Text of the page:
June 30, 2015

The Theatre Part II

Simon Callow in his one man show The Mystery of Charles Dickens written by Peter Ackroyd.

When it comes to my favorites, I usually hedge my bets. In movies I often cite my big 3 of English Patient, Casablanca, and Doctor Zhivago. In novels, War and Peace is front and center but often feel compelled to also mention Lord Jim by Joseph Conrad or Moby-Dick. But in Theatre, there is one night that stands above all others and I've spent many a magical night in a darkened theatre gazing upon a footlit stage.
That play was a one-man show starring the sensational Simon Callow in The Mystery of Charles Dickens written by the brilliant Peter Ackroyd. I still get chills remembering that magnificent performance.

The prolific writer Peter Ackroyd. I recently finished his splendid Shakespeare bio.


As I often say, the externalities can have a huge impact from both the performer's and audience's perspective. This was in December 2001 not long after the 9-11 ordeal. Simon Callow arrived in town already well known to theatre goers for his many interesting movie performances with the local press hyping the superlative reviews from his London performances. December in Chicago has it's own magic and the venue was our wonderful Chicago Shakespeare Theatre which was then only 2 years old and a perfect space for such a performance.


Chicago Shakespeare Theatre at Navy Pier
I attended with an old friend, Lynn, who will travel for special performances as she made a special trip to Washington DC to see Cate Blanchett in A Streetcar Named Desire. I am sometimes wary of going to cultural events with her because she can be a chatterbox but she was splendid company that evening....and she did buy the tickets....and I picked up dinner and drinks post performance as we were both still riding that transcendent wave Simon Callow's performance had created.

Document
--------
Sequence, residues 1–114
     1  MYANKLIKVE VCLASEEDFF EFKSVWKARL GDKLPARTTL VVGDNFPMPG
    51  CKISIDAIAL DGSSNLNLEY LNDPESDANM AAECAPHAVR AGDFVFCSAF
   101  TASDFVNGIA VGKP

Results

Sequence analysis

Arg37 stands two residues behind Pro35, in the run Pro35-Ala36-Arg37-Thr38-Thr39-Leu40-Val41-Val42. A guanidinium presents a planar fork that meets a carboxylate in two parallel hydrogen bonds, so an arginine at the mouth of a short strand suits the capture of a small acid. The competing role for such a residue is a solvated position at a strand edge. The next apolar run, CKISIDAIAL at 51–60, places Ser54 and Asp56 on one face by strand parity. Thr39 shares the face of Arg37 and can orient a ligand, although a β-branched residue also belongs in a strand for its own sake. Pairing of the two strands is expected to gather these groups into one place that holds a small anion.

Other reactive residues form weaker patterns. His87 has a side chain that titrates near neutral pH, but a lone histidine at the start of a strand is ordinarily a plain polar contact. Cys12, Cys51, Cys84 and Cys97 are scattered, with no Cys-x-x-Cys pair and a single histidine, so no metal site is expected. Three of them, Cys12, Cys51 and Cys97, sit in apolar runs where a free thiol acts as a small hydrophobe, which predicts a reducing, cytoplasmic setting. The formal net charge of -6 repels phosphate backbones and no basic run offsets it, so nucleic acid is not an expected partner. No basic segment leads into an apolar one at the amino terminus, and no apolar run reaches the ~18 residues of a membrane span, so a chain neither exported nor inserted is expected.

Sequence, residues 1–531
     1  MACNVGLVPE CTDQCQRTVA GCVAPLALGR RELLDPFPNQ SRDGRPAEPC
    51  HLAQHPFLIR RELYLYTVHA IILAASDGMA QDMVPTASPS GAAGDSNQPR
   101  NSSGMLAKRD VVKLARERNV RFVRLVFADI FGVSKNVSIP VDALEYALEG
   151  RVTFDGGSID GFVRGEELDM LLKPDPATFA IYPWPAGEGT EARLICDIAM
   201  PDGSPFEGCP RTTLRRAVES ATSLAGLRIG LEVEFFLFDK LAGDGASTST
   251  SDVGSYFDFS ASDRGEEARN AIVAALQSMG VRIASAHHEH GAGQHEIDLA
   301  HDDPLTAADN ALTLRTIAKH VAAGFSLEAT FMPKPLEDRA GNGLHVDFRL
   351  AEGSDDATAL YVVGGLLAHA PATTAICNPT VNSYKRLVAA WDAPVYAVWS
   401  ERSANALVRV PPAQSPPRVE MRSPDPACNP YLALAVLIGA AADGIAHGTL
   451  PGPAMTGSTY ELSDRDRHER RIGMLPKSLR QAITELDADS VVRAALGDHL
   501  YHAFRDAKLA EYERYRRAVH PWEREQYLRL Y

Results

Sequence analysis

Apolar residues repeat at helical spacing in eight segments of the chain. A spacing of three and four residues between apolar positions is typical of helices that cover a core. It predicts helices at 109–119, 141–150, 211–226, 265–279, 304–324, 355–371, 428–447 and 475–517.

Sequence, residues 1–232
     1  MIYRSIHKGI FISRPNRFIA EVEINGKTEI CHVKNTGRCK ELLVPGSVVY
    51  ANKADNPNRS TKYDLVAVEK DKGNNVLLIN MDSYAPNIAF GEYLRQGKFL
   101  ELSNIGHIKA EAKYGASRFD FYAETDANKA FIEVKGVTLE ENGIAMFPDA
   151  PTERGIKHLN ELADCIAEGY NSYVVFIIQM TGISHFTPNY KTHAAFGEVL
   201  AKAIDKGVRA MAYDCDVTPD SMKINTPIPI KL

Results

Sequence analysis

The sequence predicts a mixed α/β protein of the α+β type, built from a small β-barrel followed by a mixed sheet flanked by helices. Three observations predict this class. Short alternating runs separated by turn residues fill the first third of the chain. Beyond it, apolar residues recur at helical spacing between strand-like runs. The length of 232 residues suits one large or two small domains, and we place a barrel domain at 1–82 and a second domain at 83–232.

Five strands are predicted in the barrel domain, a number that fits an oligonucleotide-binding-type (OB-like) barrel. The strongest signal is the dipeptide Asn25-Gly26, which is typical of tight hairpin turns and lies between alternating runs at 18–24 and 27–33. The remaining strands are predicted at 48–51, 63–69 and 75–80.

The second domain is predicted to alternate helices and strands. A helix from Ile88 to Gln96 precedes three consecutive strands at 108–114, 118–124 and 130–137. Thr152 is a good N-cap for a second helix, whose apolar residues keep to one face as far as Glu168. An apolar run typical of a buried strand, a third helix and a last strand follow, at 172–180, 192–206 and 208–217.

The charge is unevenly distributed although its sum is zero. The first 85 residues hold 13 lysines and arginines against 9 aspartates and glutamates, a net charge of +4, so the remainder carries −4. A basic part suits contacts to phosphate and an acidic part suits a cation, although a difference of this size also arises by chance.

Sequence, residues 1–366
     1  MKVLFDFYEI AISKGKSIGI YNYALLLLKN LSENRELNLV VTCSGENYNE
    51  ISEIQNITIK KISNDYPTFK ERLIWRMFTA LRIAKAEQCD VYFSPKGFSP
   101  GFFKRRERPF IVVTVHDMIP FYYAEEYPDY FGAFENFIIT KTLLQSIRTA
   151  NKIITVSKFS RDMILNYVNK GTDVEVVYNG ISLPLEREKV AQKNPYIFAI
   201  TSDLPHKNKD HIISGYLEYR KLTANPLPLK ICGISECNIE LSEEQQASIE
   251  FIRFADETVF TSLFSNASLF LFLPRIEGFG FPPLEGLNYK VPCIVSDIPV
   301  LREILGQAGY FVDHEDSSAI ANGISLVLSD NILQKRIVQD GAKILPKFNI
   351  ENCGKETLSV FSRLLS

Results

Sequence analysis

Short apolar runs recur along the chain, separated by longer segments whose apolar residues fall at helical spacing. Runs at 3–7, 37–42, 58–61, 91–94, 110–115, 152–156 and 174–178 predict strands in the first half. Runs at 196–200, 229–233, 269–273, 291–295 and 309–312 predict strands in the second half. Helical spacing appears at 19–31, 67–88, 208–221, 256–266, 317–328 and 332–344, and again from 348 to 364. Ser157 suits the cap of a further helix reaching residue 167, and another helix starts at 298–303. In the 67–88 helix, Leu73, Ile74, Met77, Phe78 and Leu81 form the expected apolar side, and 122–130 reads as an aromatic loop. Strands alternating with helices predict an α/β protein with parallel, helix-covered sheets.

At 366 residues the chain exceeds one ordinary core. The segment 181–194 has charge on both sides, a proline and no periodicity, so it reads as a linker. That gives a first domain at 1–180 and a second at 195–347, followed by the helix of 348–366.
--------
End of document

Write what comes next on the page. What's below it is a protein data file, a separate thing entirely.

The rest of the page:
Lynn and I still consider Callow's Mystery of Charles Dickens performance the greatest we have ever seen and still talk about it every Christmas.

Do you have a night of Theatre that stands above all others?




June 29, 2015

The Theatre Part I

The Westport Country Playhouse where Uncle L began his career in Theatre while in junior high school.

My children's book series is getting close to launch as the illustrator has only to add colouration to the completed sketches and then we're off!

A couple of sketched pages now undergoing colouration. We hope to have Book 1 out by mid-September.


As I have mentioned previously, our book series will have a philanthropic component part of whose mission will be to support The Arts and in particular, Theatre, which has been fighting an uphill battle.

Don't Go Gentle cast
Norm Woodel (Judge Lawrence Driver), Benjamin Sprunger (Ben), Andrew Muwonge (Rasheed), Echaka Agba (Tanya) and Robyn Coffin (Amelia) in the Haven Theatre Company's "Don’t Go Gentle."
(Dean La Prairie photo from The Chicago Tribune)

Saturday night I attended a fine production of Don't Go Gentle. It bothered me that a Saturday night production wasn't sold out. Chicago has a fine international reputation as a Theatre Town yet far too often I attend excellent productions with empty seats. The Den will be doing something about this and I feel especially compelled to do so on account of my Uncle L's wonderful legacy in the field of Dramatic Arts.

Uncle L has a thunderous laugh and tells a story better than anybody I've ever heard.


My Uncle L had a very fine career in Theatre, Television (winning two Emmys), and Movies having been President of American Playhouse until it had to close due to lack of funding.  They brought high quality theatrical productions to Public Television and relied on public funding and foundation grants as a non-profit entity.  Back then, it carried a lot of prestige for actors to be in an American Playhouse production and Uncle L had a reputation for being very persuasive at convincing big name movie stars to work for scale.